Before you jump around on me like a swarm of people so blinded by rage they have forgotten how to express it normally and attack like a literal House of Pain, please, let me explain.  

Firstly my definition of ‘mature-age’ is not based entirely around age and whilst it is a mandatory requirement, it has certain conditions. Much like my definition of hipster (anyone hip-er than me), mature-age students must be older than me.

Secondly and the second most importantly, a mature-age student must ask an obscene number of questions. The number should be roughly equal to the number of times toddler asks ‘why’ after discovering the word. Repetitive queries alone are not the reason I have no respect for mature-age students. I would never discourage people from asking a valid question such as – can you only have one protagonist? There are no stupid questions, but for the sake of every other soul in that learning space, don’t counter every point made by the lecturer and then make a half-arsed attempt to disguise it as a question you grey haired jerk.   Image

You can probably tell that this is directed at someone in my course and that I’m the kind of guy that leaves passive-aggressive notes written in bolognaise (or blood) asking my housemate (or wife) to wash up (or sacrifice our firstborn). It’s for the best you found out now as I would struggle to define the mature-age student any further, perhaps only adding that they are condescending to anyone young or female.  Basically this dude is a real piece of work. A poorly constructed piece of work, maybe not even work, perhaps he is just a poorly constructed piece. But pieces usually belong somewhere and in this case I can only assume he belongs… in HELL. No, that’s probably too harsh. Plus I don’t believe in hell. Umm, maybe he belongs at HOME! A place where I don’t have any contact with him…Yes that works.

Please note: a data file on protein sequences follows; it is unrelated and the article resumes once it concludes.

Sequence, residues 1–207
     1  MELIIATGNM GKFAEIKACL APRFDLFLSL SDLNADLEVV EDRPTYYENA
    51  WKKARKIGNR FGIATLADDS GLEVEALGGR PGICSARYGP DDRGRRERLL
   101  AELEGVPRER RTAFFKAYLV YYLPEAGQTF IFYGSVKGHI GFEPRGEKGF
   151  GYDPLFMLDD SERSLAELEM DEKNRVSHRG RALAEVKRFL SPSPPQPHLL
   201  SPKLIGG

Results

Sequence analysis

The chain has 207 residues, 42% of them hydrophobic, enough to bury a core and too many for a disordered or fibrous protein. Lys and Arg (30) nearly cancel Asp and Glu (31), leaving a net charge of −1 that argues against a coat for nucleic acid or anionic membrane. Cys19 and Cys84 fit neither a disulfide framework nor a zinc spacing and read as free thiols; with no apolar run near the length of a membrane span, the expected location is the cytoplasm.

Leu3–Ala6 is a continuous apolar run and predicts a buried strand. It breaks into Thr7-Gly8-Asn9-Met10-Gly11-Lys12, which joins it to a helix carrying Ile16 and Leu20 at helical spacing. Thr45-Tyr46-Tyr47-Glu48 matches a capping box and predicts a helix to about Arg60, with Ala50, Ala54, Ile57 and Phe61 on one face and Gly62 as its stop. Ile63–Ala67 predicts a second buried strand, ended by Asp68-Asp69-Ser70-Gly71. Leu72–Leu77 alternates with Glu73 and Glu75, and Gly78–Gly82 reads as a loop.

My irritability stemmed from his reluctance to learn and his compulsion to put other people down. Why pay cold hard cash to learn only to shove it in the face of the person you paid and everyone else in the room. Also, why not use an innernet transaction, it’s faster.

As I consume titbits of knowledge and struggle to write a decent conclusion it is fairly obvious that nobody likes a jerk. Fact.  Other than that I can pretend that this will somehow relate to my initial statement about loathing mature-age students.  It won’t, but hopefully this course helps me structure my thoughts into something more coherent in the future.